The Afghanistan Minerals Story: News, Or Propaganda?
Marc Ambinder gives reason to be very skeptical about the news of a massive mineral find in Afghanistan:
For one, a simple Google search identifies any number of previous stories with similar details.
The Bush Administration concluded in 2007 that Afghanistan was potentially sitting on a goldmine of mineral resources and that this fact ought to become a central point of U.S. policy in bolstering the government.
The Soviets knew this in 1985
A former senior State Department official said that regular discussions between the U.S. and the Karzai government over how to best exploit the resources for potential future use were ongoing when he was privy to those discussions around 2006.
By 2009, the government had already begun to solicit bids for various mining opportunities.
But it’s the timing of today’s story that makes Ambinder suspicious:
The way in which the story was presented — with on-the-record quotations from the Commander in Chief of CENTCOM, no less — and the weird promotion of a Deputy Assistant Secretary of Defense to Undersecretary of Defense suggest a broad and deliberate information operation designed to influence public opinion on the course of the war. Indeed, as every reader of Jared Diamond’s popular works of geographic determinism knows well, a country rich in mineral resources will tend toward stability over time, assuming it has a strong, central, and stable government.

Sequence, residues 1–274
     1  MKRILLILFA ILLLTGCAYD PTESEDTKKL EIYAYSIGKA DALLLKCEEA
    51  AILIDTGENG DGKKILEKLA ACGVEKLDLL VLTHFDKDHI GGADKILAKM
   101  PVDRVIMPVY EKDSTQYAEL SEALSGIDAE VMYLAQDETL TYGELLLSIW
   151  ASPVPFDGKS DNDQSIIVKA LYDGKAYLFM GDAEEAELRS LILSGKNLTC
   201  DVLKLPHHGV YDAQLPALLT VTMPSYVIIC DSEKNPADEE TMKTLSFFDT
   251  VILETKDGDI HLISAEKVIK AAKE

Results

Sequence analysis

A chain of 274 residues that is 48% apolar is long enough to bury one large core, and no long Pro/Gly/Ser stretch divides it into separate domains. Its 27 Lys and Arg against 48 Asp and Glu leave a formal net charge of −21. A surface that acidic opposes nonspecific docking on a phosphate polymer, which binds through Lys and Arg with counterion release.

Risen’s story notes that the minerals discovery comes at a propitious time. He focuses on lithium, a critical component of electronics. One official tells him that Afghanistan could become the “Saudi Arabia of lithium” — a comparison to oil. (I can see it now: “We must wean ourselves off our dependence on foreign lithium!”)
The general perception about the war here and overseas is that the counterinsurgency strategy has failed to prop up Hamid Karzai’s government in critical areas, and is destined to ultimately fail. This is not how the war was supposed to be going, according to the theorists and policy planners in the Pentagon’s policy shop.
What better way to remind people about the country’s potential bright future — and by people I mean the Chinese, the Russians, the Pakistanis, and the Americans — than by publicizing or re-publicizing valid (but already public) information about the region’s potential wealth?
So, is this news, or simply a strategically placed story in The New York Times at a time when the public mood on the Afghan War is continuing to sour ?
To borrow an old phrase, cui bono ? Who benefits from a story that suddenly makes Afghanistan look like a more important place than it might actually be ?
I’ll let you decide that for yourself.
UPDATE (JAMES JOYNER): I expand on this quite a bit in my New Atlanticist piece “Afghanistan Mineral Riches: Beware the Hype.”